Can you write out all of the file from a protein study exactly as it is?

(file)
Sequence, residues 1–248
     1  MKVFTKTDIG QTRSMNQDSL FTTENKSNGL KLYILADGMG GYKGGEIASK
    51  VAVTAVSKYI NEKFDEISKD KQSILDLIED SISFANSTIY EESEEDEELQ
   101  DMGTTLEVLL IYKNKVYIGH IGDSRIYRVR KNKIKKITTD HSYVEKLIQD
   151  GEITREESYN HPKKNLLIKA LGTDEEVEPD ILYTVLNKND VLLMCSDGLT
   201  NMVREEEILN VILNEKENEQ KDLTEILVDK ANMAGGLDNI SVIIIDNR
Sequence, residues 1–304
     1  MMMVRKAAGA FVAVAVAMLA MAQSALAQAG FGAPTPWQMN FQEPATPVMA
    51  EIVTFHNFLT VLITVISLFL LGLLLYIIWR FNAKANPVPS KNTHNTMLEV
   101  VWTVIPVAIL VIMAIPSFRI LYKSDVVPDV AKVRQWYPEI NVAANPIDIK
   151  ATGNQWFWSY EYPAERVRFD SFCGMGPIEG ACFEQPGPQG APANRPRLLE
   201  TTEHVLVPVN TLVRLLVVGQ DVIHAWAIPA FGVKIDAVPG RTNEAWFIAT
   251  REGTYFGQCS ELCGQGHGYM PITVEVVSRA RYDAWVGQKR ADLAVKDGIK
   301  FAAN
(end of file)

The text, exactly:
Sequence, residues 1–248
     1  MKVFTKTDIG QTRSMNQDSL FTTENKSNGL KLYILADGMG GYKGGEIASK
    51  VAVTAVSKYI NEKFDEISKD KQSILDLIED SISFANSTIY EESEEDEELQ
   101  DMGTTLEVLL IYKNKVYIGH IGDSRIYRVR KNKIKKITTD HSYVEKLIQD
   151  GEITREESYN HPKKNLLIKA LGTDEEVEPD ILYTVLNKND VLLMCSDGLT
   201  NMVREEEILN VILNEKENEQ KDLTEILVDK ANMAGGLDNI SVIIIDNR
Sequence, residues 1–304
     1  MMMVRKAAGA FVAVAVAMLA MAQSALAQAG FGAPTPWQMN FQEPATPVMA
    51  EIVTFHNFLT VLITVISLFL LGLLLYIIWR FNAKANPVPS KNTHNTMLEV
   101  VWTVIPVAIL VIMAIPSFRI LYKSDVVPDV AKVRQWYPEI NVAANPIDIK
   151  ATGNQWFWSY EYPAERVRFD SFCGMGPIEG ACFEQPGPQG APANRPRLLE
   201  TTEHVLVPVN TLVRLLVVGQ DVIHAWAIPA FGVKIDAVPG RTNEAWFIAT
   251  REGTYFGQCS ELCGQGHGYM PITVEVVSRA RYDAWVGQKR ADLAVKDGIK
   301  FAAN